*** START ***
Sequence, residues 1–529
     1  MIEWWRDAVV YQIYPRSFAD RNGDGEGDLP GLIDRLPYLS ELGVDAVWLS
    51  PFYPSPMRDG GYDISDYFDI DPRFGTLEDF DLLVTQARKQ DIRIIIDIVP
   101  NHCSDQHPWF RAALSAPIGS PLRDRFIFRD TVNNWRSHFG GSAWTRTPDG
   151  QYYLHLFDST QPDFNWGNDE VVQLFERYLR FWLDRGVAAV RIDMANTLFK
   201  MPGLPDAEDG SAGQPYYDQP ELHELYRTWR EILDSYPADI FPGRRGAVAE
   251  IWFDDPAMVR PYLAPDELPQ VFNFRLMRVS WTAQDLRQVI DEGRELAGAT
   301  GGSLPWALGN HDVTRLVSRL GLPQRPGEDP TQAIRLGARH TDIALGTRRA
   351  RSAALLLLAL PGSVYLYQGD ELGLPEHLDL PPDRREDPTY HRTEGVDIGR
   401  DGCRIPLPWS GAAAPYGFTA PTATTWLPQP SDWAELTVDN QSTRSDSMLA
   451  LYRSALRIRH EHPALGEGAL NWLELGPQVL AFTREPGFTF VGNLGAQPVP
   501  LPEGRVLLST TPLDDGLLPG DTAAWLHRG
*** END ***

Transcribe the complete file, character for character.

Sequence, residues 1–529
     1  MIEWWRDAVV YQIYPRSFAD RNGDGEGDLP GLIDRLPYLS ELGVDAVWLS
    51  PFYPSPMRDG GYDISDYFDI DPRFGTLEDF DLLVTQARKQ DIRIIIDIVP
   101  NHCSDQHPWF RAALSAPIGS PLRDRFIFRD TVNNWRSHFG GSAWTRTPDG
   151  QYYLHLFDST QPDFNWGNDE VVQLFERYLR FWLDRGVAAV RIDMANTLFK
   201  MPGLPDAEDG SAGQPYYDQP ELHELYRTWR EILDSYPADI FPGRRGAVAE
   251  IWFDDPAMVR PYLAPDELPQ VFNFRLMRVS WTAQDLRQVI DEGRELAGAT
   301  GGSLPWALGN HDVTRLVSRL GLPQRPGEDP TQAIRLGARH TDIALGTRRA
   351  RSAALLLLAL PGSVYLYQGD ELGLPEHLDL PPDRREDPTY HRTEGVDIGR
   401  DGCRIPLPWS GAAAPYGFTA PTATTWLPQP SDWAELTVDN QSTRSDSMLA
   451  LYRSALRIRH EHPALGEGAL NWLELGPQVL AFTREPGFTF VGNLGAQPVP
   501  LPEGRVLLST TPLDDGLLPG DTAAWLHRG